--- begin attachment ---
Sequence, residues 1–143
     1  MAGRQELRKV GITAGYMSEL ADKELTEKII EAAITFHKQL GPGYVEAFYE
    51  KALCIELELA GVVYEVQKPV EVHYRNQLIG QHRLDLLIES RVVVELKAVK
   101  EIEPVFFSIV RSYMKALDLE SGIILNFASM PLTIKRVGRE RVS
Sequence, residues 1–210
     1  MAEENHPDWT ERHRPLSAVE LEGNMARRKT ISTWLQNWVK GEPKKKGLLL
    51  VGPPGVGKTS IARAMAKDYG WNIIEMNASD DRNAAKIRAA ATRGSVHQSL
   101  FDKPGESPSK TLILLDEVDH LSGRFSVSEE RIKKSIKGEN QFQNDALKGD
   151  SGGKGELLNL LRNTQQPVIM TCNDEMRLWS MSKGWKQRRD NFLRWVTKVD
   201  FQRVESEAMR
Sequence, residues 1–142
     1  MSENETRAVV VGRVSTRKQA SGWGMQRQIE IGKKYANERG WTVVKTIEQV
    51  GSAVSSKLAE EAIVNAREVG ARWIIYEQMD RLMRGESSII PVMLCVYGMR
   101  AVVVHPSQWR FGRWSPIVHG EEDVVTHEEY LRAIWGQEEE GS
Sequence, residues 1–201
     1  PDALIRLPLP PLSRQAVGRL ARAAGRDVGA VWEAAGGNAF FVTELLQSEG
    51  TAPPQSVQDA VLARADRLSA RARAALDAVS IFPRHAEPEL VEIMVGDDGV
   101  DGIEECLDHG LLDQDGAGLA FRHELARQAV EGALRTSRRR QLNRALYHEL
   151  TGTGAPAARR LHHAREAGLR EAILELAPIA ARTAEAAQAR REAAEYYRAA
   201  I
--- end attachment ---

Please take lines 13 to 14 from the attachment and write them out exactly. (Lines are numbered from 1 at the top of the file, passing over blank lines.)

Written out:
    51  GSAVSSKLAE EAIVNAREVG ARWIIYEQMD RLMRGESSII PVMLCVYGMR
   101  AVVVHPSQWR FGRWSPIVHG EEDVVTHEEY LRAIWGQEEE GS